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May 29, 2008
For immediate release
Caregiver Stress and Supports theme for World Elder Abuse Awareness Day 2008 in Prince Edward Island
Social Services and Seniors
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“Usually the role of caregiver is an add-on to the many other roles individuals have,” said Richard Savidant, co-chair of the PEI World Elder Abuse Awareness Day Committee. “Seldom are people prepared for the tasks involved. This workshop is an opportunity to talk about caregiver stress, how caregivers can care for themselves and where to find supports.”
On June 12, a free workshop will be hosted for family members, seniors, service providers and community members on how to recognize caregiver stress, how to reduce stress and where to find the supports caregivers and loved ones need. The event will take place at the St. Eleanors Community Centre, 1 West Drive, Summerside from 10 a.m. to noon. The panel of experts includes Jackie Doran MacLeod, Adult Protection Consultant, Department of Health; Claudette Cramm, Nurse Coordinator, Summerset Manor; Debye MacDonald-Connolly, Seniors Mental Health Consultant, Department of Health; Nancy Hashie, family caregiver and moderator Faye Martin, Director of the PEI Seniors’ Secretariat.
“Many baby boomers are either caregivers now to aging parents or can expect to be caregivers in the future,” said Casey McGannon, co-chair of the PEI World Elder Abuse Awareness Day Committee. “It pays to learn about and plan for caregiving services and supports that may be needed in the future.”
Other activities to-date include a speaking tour of Rotary clubs, displays at community events including the annual meeting, PEI Seniors' Federation annual meeting and the West Prince Seniors Expo. Information kits will also be sent all Prince Edward Island churches with a request that World Elder Abuse Awareness Day be recognized as part of worship on Sunday, June 15.
According to the Canadian Network for the Prevention of Elder Abuse, abuse of older adults is any action that harms an older person or jeopardizes the person’s health or welfare. Abuse can be physical (e.g. hitting), emotional, verbal (e.g. name calling), financial (e.g. taking money or property), sexual and denial of civil and human rights. Some types of abuse of older adults involve violation of their rights. The PEI Department of Health reports that there were 133 referrals to adult protection services last year; 66 per cent were with respect to seniors, aged 65 or older.
The PEI World Elder Abuse Awareness Day Committee was spearheaded by the PEI Seniors Secretariat in 2006 and the PEI representative of the Canadian Network for the Prevention of Elder Abuse.
For more information on abuse of older persons, visit www.gov.pe.ca/seniors and click on the World Elder Abuse Awareness Day logo. If you have questions or wish to book a presentation for a community organization on abuse of older persons, financial abuse and fraud or caregiver stress and supports, please contact the PEI Seniors’ Secretariat at (902) 569-0588 or send an e-mail to firstname.lastname@example.org.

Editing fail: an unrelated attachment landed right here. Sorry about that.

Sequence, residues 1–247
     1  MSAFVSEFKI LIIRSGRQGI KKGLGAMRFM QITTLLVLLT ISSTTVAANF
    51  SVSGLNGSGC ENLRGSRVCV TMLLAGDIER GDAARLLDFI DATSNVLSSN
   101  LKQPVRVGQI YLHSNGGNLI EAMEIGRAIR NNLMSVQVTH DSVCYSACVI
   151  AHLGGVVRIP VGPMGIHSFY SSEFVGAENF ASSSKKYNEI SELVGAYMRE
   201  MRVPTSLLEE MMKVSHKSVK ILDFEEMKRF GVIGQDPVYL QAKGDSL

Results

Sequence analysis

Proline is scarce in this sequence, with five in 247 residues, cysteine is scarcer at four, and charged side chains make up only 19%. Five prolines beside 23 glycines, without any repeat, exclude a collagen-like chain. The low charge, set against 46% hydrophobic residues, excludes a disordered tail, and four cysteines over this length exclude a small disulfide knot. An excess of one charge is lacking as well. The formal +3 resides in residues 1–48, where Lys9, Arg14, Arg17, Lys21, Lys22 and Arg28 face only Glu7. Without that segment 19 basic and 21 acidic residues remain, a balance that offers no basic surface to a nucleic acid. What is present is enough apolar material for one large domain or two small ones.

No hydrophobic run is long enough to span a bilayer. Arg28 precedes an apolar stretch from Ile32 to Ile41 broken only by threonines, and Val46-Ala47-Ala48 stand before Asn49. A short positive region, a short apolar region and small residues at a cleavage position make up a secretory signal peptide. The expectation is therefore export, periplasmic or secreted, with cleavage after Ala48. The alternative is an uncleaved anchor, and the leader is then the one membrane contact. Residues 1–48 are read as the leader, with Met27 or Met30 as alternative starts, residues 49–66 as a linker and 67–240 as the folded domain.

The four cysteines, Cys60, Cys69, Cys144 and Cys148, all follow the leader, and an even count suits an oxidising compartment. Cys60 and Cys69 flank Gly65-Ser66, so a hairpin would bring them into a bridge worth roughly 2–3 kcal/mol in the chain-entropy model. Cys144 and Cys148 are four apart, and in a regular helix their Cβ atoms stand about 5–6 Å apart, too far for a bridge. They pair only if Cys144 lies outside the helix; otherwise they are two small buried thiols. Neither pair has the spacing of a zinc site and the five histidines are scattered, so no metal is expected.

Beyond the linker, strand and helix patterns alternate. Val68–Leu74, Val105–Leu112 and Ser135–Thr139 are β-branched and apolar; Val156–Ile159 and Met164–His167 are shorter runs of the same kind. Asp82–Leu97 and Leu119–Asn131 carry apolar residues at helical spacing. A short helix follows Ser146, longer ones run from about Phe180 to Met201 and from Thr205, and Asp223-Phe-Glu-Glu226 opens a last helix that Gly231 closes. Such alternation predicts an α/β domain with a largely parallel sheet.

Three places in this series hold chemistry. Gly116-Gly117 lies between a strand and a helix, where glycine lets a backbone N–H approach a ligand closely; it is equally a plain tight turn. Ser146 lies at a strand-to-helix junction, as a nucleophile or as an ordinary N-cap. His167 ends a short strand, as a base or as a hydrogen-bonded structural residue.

BACKGROUNDER: Explaining Abuse of Older Adults
In the past, the most popular explanation for abuse of older adults was that it was provoked by stress on the person providing long-term care for the older adult. Recent research shows that the dynamics between dependent individuals and their caregivers are much more complex.
The most common explanations of abuse of older adults focus on the following:
• A web of dependent relationships – physical, emotional and financial, between the victim and abuser. Research findings are inconsistent. Not all dependent seniors are abused. Some studies even suggest that abusers are more likely than non-abusers to be dependent on their victims.
• Traits of the abusive caregiver. An impressive amount of research has linked mental health problems and social characteristics of caregivers to abuse. One example is that abusers are more likely than non-abusers to have alcohol or other substance abuse problems.
• Situational stress. Caregiver stress related to long-term care of an older adult sometimes leads to abuse. The failure of stress-reducing interventions (e.g., home care assistance, respite care) to reduce abuse has led to less emphasis on the singular importance of caregiver stress.
• Transgenerational family violence – children from a long history of family violence “getting back at” a parent. The limited research on this theory suggests that it explains child abuse much more than senior abuse.
• Social isolation. Isolation has not been established as a cause of abuse, but abused older adults are more likely to have fewer contacts with friends and family members than are non-abused older adults.
• Pervasive societal power imbalances. Individual experience is inseparably linked to social forces and institutional practices that may support power imbalances in families (e.g., ageism or sexism).
Source: National Clearing House on Family Violence, Public Health Agency of Canada website